cannot read property

What is "cannot read property" error?

As a web developer, you might have encountered the "cannot read property" error message while working with JavaScript. This error occurs when you try to access a property or method of an object that does not exist or is undefined.


let person = {};
console.log(; // Cannot read property 'name' of undefined

In the above example, we are trying to access the "name" property of an empty object "person". But since the "name" property does not exist in the "person" object, it throws the "cannot read property 'name' of undefined" error.

Causes of "cannot read property" error:

  • Trying to access an undefined or non-existent object.
  • Trying to access a property of a null object.
  • Misspelling or mistyping the property name.
  • The object might not have been initialized properly.
  • The property might not have been set before accessing it.

How to fix "cannot read property" error:

The best way to fix this error is to identify the root cause and then take necessary steps to handle the issue.

1. Check if the object exists:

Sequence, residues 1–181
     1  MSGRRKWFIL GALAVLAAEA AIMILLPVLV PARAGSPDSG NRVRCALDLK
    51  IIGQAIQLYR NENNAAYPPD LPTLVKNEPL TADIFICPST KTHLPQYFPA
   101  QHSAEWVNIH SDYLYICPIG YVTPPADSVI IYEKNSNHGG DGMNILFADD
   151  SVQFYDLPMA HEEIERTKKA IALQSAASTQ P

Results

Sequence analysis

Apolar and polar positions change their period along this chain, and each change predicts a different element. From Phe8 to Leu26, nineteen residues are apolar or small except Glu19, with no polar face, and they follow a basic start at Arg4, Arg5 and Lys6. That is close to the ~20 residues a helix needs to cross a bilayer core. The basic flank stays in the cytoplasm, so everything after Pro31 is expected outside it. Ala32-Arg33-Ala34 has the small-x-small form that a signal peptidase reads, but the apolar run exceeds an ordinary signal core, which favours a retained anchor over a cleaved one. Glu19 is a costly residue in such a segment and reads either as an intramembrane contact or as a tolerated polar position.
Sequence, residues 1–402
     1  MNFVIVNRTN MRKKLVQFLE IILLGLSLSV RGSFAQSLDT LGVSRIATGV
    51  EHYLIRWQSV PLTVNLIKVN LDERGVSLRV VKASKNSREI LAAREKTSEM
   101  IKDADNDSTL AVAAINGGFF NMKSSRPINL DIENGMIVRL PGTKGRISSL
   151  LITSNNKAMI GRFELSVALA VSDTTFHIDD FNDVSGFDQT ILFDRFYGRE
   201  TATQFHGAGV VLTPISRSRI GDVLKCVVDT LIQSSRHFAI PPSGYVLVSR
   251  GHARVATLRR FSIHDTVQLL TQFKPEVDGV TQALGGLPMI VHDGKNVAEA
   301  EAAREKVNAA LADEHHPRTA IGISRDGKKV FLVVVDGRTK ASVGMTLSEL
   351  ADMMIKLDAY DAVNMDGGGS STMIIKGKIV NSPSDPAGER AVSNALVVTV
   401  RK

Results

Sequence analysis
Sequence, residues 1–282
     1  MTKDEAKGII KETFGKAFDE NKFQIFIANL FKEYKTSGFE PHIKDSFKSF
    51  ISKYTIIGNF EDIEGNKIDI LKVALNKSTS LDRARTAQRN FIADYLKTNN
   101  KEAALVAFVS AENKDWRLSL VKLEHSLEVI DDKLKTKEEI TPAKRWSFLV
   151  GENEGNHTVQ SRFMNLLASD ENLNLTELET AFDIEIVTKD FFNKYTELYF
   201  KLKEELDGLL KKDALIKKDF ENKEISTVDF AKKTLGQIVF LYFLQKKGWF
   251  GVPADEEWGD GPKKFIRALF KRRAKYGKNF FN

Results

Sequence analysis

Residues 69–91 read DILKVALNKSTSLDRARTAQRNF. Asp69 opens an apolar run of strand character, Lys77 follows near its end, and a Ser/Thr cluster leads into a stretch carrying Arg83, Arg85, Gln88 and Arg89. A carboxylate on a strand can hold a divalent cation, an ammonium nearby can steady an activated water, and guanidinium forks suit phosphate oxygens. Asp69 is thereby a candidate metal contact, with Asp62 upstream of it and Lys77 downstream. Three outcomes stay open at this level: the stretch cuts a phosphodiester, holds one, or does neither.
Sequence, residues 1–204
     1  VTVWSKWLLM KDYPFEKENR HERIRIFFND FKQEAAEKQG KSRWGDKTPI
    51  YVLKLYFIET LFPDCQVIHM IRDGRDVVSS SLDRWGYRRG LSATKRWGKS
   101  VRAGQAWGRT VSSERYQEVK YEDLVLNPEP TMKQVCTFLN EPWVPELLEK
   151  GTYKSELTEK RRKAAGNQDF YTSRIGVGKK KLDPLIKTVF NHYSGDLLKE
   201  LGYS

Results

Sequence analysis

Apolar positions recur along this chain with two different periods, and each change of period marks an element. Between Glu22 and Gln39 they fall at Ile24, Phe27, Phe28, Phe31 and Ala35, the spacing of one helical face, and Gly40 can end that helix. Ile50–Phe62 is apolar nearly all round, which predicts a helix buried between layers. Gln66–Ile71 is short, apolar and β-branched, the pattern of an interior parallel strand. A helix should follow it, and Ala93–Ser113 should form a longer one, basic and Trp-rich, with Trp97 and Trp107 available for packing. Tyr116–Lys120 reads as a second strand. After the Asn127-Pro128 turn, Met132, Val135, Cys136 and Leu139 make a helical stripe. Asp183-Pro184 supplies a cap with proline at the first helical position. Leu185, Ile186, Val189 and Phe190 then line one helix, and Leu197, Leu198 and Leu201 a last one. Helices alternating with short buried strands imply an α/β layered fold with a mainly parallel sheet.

if (typeof obj !== "undefined" && obj !== null) {
  // access properties of obj

In the above code, we are checking if the object "obj" exists and is not null before accessing its properties.

2. Check if the property exists:

if ("property" in obj) {
  // access property of obj

In the above code, we are checking if the property "property" exists in the object "obj" before accessing it.

3. Use optional chaining:


In the above code, we are using optional chaining to access nested properties. If any property in between is undefined, it will return undefined and will not throw an error.

4. Initialize the object with default values:

let person = {
  name: "",
  age: 0

console.log(; // ""

In the above code, we are initializing the "person" object with default values for its properties. So even if we access the property before setting its value, it will not throw an error.

5. Use try-catch block:

try {
  // access property of obj
} catch (err) {
  console.log("Error: " + err.message);

In the above code, we are using a try-catch block to catch any errors that might occur while accessing the object properties. This way, we can handle the error gracefully.

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